At the NUJ we will campaign to put quality journalism front wherever our members work.

Congratulations to people who organised the conference.  If you are new to the NUJ, and if you work in these areas, it would help the NUJ if you would go out from here and recruit new members.  The experience of a lot of people working in these areas is of low pay and long hours of a kind that we consider unacceptable.  That is very basic trades union work.  The union at every level will be looking to recruit and fight in the online sector.  That means building chapels to give new members confidence to organise to fight for better wages, better training and better workplaces.

Pete Murray works as a radio news producer with BBC Radio Scotland. He has also produced several short video films for the BBC Scotland News website and regularly works as an outside-broadcast producer.  Before moving to Glasgow in the 1990s, he worked at the BBC World Service in London and as a foreign correspondent in south and west Africa. He has held NUJ office as Father of Chapel in London and Glasgow and various branch offices. He currently represents Scotland on the NUJ’s National Executive and was elected NUJ President at the Southport ADM in  2009.


 

Written by Tim Dawson

March 28th, 2010 at 12:40 pm

Posted in Broadcasting,News

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Gavin MacFadyen

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Foundations have become the key to funding investigative journalism in the USA

  • Similar initiatives are now underway in the UK
  • USA tax and libel laws made foundation-funded journalism a powerful force in that country, but conditions in the UK are not as favourable
  • University-based journalism projects have also created some important new models for investigative reporting

Today 75% of investigative reporting is not done by the media, but by foundations and foundation-supported NGOs.  There has been a profound shift away from newspapers and television.

That is why we started the Centre for Investigative Journalism – we were mainly former Panorama and World in Action staff.  We had realised that there was no training going on in the BBC or ITV for investigative reporters – that is why we set up the centre, as a means of training people.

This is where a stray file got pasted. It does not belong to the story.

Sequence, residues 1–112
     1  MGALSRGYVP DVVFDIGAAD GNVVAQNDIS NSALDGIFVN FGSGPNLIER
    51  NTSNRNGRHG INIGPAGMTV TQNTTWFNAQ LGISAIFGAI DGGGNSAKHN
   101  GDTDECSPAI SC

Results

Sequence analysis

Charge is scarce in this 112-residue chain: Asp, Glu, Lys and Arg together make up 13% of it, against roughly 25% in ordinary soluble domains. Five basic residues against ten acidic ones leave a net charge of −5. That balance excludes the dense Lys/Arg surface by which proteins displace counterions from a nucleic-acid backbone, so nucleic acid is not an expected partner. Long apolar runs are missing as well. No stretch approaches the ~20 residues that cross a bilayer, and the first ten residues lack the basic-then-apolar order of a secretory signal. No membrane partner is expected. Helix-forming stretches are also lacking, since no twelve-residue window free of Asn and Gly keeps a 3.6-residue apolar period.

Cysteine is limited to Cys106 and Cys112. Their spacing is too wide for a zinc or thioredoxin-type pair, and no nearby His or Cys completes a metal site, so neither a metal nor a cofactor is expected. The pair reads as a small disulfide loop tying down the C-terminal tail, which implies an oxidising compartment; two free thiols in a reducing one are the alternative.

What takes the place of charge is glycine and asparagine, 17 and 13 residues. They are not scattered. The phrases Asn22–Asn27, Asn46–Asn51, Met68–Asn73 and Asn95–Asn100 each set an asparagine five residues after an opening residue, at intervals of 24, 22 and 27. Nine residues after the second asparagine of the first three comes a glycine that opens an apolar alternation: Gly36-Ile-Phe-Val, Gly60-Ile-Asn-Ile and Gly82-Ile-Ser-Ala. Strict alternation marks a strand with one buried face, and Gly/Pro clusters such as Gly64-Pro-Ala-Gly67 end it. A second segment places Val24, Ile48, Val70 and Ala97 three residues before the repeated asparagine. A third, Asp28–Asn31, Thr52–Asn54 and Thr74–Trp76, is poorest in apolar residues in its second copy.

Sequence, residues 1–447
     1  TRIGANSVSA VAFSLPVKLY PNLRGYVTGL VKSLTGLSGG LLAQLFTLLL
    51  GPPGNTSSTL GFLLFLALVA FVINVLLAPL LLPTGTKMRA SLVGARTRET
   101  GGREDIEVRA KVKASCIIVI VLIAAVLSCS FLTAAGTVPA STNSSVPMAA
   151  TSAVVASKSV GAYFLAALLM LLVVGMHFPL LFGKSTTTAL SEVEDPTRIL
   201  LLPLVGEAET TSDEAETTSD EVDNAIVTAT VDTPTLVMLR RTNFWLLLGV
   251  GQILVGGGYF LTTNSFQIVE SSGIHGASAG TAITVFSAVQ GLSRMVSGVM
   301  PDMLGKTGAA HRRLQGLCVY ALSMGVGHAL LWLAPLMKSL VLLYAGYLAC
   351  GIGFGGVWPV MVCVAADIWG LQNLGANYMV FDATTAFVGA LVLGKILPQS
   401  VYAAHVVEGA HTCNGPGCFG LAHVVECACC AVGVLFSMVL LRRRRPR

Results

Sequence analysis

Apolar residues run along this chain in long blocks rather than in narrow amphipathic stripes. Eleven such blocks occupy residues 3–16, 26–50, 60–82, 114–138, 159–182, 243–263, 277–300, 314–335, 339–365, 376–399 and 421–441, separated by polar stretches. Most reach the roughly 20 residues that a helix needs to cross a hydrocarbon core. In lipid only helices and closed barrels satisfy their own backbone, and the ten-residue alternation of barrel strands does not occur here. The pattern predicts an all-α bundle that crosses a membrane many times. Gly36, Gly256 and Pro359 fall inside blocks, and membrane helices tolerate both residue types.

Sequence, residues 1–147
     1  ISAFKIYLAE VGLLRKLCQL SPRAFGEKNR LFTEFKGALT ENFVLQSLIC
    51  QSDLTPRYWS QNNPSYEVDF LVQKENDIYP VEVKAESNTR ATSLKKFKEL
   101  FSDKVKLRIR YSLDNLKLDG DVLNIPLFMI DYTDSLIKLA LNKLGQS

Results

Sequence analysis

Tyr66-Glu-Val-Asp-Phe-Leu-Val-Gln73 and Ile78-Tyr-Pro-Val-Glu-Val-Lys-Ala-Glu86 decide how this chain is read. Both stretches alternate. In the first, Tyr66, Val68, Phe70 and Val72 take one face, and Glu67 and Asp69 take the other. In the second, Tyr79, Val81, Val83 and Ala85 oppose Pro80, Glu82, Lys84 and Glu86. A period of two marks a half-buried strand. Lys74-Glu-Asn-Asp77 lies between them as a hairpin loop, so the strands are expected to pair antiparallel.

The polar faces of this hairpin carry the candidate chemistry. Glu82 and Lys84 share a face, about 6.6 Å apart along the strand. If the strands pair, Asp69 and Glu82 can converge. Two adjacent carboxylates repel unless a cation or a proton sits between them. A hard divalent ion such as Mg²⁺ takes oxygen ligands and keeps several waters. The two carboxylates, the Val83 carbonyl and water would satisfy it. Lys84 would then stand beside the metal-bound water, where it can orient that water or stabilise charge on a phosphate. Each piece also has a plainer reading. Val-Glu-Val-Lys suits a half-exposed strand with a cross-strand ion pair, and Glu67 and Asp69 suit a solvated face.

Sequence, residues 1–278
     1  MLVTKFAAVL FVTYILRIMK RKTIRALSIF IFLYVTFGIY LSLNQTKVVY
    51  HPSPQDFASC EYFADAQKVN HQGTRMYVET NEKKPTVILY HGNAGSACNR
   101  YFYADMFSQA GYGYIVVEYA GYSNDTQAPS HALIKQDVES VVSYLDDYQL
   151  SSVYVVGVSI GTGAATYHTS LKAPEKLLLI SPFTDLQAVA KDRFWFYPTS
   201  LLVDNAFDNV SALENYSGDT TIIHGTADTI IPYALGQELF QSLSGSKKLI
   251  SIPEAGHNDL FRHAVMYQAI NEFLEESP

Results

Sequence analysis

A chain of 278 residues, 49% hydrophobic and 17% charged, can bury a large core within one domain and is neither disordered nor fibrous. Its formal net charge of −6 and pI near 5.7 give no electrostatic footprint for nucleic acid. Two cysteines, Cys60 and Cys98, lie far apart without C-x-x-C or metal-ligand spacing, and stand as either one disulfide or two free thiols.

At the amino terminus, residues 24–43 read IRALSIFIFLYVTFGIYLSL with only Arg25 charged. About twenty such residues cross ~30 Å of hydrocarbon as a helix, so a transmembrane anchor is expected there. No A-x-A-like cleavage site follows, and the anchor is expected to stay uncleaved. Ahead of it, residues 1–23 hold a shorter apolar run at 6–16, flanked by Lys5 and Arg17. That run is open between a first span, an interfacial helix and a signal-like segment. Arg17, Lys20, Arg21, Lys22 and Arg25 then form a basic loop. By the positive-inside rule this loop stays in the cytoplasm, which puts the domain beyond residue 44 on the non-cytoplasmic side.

We were frustrated that we couldn’t raise the funds to do the work that we wanted to do.  That has changed profoundly now.  We have raised more funds than have ever been raised before to do the things that we want to do, at least in the UK.

In the USA there are now 50 or 60 nongovernmental organisations (NGOs) that employ journalists. There are 65,000 unemployed journalists in the USA so there is no shortage of good people, and now organisations like Amnesty, Human Rights Watch and Greenpeace all have research staffs.  And those organisations all raise money from foundations.

These foundations are now moving to the UK.

In 2006, Chuck Lewis formed the Center for Public Integrity (publicintegrity.org).  Lewis decided that he needed to raise funds to research corruption in Washington – no small task.  He was able to raise $4m a year, from lawyers’ groups, free-speech groups, civil-liberties groups.  As a result, the Center produced 160 publications and four bestselling books.  It was the most successful single investigative operation undertaken.  Lewis was a genius at raising money.

Lawyers were an important element of his work.  Lewis went to the biggest, toughest law firms he could find and asked them to help the Center, on a pro bono basis, to defend the Center’s work.  That said, libel laws in the States are nowhere near as tough as they are here. Armed with these prestigious law firms on his board, the law suits started to melt away.

The only successful legal challenge mounted against the Center for Public Integrity was by an oligarch.  Four years ago, he almost succeeded in sinking the entire investigative community in Washington.  The Center only survived because of the massive influx of lawyers to support it.

In the USA, foundations are now spending between $75m – $95m a year on niche and investigative reporting.

At Berkley university, in March each year, there is a big meeting of all these funders.  The biggest is a guy called Sandler who owns about a quarter of downtown Los Angeles.  He is not a modest man, in resources or anything else.  He funded the biggest investigative unit ever assembled in the USA – called Propublica (propublica.org).  It is based in New York in swank offices in midtown Manhattan.  It employs 28 journalists, 13 researchers and 20 production staff.  Propublica’s annual budget is $20m a year. They now have enough money to operate for three years.